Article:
Dogs and Water

Dogs and water – The dos and don’ts


Summer is a great time to get wet and your dog will no doubt love the opportunity too, but there are certain dos and don’ts when it comes to keeping your dog safe around water.

Here’s a heads up on the dos and don’ts you should be thinking about this summer when it comes to your dog and water.



Keep a freshwater supply – First and foremost, you need to give your dog careful consideration when it comes to keeping him hydrated during the warmer weather. Make sure your dog has access to fresh water at all times.

Be aware of the type of water your dog is swimming in – Lakes, rivers, pools and the sea can contain stagnant, polluted or treated water that if ingested by your dog can make them ill, so be mindful of the type of water your dog is playing in. A summer hazard which can make your dog very seriously ill is Blue-Green Algae tends to flourish slightly later on in the season – but it will affect many ponds.

Clean your dog after a swim – Regardless the type of water your dog is playing in, its good practice to rinse your dog down with clean water after a swim and give them a dry off, paying close attention to the ears to reduce the chances of ear infections.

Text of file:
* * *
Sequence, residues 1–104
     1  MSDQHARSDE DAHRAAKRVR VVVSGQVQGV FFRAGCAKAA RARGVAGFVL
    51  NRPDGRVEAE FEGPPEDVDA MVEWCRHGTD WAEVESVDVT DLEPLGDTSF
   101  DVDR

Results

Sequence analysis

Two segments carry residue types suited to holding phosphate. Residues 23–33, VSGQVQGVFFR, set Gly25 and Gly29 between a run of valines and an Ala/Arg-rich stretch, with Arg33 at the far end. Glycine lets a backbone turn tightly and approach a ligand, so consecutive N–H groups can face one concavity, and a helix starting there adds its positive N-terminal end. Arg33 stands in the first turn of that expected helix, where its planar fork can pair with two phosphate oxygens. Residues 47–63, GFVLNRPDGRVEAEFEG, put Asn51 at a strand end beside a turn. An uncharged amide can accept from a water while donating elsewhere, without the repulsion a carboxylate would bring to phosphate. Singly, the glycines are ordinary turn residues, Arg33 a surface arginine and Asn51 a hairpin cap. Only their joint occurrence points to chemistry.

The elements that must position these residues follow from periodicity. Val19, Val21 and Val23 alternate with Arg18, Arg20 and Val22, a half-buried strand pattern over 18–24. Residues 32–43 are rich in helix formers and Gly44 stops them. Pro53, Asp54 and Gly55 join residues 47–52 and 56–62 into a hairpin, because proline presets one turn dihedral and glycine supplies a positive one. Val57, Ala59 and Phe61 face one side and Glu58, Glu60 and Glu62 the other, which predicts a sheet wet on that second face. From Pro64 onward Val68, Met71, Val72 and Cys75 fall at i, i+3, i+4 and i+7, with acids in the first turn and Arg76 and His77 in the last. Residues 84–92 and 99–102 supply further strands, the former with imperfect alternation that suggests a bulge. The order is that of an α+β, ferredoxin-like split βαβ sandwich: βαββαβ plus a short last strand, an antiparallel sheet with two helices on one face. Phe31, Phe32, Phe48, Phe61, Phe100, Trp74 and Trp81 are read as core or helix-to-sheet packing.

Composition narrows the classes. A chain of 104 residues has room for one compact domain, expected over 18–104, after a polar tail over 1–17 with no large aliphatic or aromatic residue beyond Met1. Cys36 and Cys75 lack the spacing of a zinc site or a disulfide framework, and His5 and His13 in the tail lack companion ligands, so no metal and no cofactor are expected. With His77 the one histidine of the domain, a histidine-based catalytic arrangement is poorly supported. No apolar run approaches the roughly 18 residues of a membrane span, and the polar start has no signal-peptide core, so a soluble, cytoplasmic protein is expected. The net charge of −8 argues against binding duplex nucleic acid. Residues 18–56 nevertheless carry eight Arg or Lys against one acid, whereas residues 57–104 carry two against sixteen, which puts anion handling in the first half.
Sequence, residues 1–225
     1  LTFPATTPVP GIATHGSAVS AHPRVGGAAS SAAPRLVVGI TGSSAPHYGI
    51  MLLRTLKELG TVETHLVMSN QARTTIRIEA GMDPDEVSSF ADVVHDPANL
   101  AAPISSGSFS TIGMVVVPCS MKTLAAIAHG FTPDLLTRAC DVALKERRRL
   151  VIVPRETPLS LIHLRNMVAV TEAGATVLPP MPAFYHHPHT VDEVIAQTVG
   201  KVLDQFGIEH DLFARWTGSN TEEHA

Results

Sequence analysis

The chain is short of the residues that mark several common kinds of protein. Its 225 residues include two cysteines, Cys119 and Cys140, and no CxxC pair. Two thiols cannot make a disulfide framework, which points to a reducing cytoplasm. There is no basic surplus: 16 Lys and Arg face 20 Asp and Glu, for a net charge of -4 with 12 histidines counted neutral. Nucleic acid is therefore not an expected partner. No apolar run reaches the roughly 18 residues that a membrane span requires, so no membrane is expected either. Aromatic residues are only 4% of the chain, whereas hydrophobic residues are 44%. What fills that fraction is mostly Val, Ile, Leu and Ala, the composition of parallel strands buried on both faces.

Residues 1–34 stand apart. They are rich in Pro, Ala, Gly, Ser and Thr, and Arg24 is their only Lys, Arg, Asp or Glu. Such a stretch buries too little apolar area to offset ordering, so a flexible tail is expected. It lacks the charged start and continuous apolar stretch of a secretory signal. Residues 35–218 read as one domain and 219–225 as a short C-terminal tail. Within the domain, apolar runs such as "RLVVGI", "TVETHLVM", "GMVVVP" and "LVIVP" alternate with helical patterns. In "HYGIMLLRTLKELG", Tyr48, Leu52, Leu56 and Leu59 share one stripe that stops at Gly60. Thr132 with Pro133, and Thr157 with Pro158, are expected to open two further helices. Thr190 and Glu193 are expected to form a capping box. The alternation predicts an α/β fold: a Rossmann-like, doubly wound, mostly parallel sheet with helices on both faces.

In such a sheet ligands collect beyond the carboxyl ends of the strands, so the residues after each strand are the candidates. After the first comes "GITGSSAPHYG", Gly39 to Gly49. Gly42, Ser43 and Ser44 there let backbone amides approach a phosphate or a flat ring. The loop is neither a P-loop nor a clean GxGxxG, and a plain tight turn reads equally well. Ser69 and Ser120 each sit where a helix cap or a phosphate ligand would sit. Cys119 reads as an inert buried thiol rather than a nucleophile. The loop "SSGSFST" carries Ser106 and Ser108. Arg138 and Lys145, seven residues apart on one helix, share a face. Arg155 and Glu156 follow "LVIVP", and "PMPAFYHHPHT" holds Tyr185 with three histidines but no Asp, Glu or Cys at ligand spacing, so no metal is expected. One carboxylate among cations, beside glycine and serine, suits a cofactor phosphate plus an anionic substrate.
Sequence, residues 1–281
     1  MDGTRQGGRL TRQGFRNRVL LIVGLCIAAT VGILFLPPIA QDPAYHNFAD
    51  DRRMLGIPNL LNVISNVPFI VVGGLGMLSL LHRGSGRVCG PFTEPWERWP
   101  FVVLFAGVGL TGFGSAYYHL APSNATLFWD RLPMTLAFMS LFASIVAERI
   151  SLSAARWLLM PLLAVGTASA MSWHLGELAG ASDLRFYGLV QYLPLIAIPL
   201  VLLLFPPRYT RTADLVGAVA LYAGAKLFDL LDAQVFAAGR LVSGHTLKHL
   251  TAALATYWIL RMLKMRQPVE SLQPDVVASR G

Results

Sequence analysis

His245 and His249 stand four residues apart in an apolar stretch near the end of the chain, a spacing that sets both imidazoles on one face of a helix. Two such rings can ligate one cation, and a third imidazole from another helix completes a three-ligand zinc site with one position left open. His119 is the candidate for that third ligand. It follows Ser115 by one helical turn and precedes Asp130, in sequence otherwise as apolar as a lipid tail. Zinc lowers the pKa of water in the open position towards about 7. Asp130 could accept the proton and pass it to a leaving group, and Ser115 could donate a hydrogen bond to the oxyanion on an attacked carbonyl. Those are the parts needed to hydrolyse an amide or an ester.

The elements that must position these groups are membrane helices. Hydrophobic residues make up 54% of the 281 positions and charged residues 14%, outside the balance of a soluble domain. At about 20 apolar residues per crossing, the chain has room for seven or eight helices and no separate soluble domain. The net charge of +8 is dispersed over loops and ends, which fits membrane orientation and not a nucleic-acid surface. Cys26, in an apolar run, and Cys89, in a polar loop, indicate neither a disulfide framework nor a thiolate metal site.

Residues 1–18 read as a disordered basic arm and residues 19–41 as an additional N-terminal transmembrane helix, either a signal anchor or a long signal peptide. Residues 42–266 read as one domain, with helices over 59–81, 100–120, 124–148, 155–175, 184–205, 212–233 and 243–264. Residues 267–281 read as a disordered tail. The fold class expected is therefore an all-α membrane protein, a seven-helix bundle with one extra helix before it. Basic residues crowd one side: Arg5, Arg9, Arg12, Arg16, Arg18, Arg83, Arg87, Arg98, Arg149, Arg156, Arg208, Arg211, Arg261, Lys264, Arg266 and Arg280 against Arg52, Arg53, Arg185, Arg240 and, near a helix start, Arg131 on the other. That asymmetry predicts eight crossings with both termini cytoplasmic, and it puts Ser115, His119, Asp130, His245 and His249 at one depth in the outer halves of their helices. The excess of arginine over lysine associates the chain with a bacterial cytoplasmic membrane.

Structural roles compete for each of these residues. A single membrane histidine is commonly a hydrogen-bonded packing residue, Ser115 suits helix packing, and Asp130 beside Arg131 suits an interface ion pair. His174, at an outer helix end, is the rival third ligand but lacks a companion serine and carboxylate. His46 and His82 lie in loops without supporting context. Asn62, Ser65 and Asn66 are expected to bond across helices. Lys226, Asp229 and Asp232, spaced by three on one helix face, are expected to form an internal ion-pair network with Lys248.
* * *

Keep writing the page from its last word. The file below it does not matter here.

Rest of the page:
Keep an eye on your dog’s stamina – Your four-legged friend will inevitably be eager to play regardless of how tired he feels. But in and around water you should watch their stamina levels, particularly with older dogs, and give them plenty of time to rest between playing.


Force your dog into the water – While some dogs thrive in water and love nothing more than thrashing around in it, not all do and despite your best encouragement they may never like water. You should never force your dog to go in the water and also never assume that they can swim.

Leave your dog unattended near water – Under no circumstances should you let your dog out of your sight when you’re near water. This is particularly pertinent, if they’re swimming in the water, as they can easily tire or get into difficulties.

Ignore warning signs – In most areas with water, such as beaches and swimming lakes there will be warning notices in place to alert you of strong currents and tides, crumbling river banks, extreme weather warnings or other danger areas. Always lookout for these signs before you let your dog loose in the water.

Ultimately keeping your dog safe around water is about being sensible, responsible and aware. If you know there’s a strong current, deep water or sliding river banks, keep your dog on a lead to stop them from going in. They can still have plenty of fun out of the water and enjoy it another time when it’s safe.

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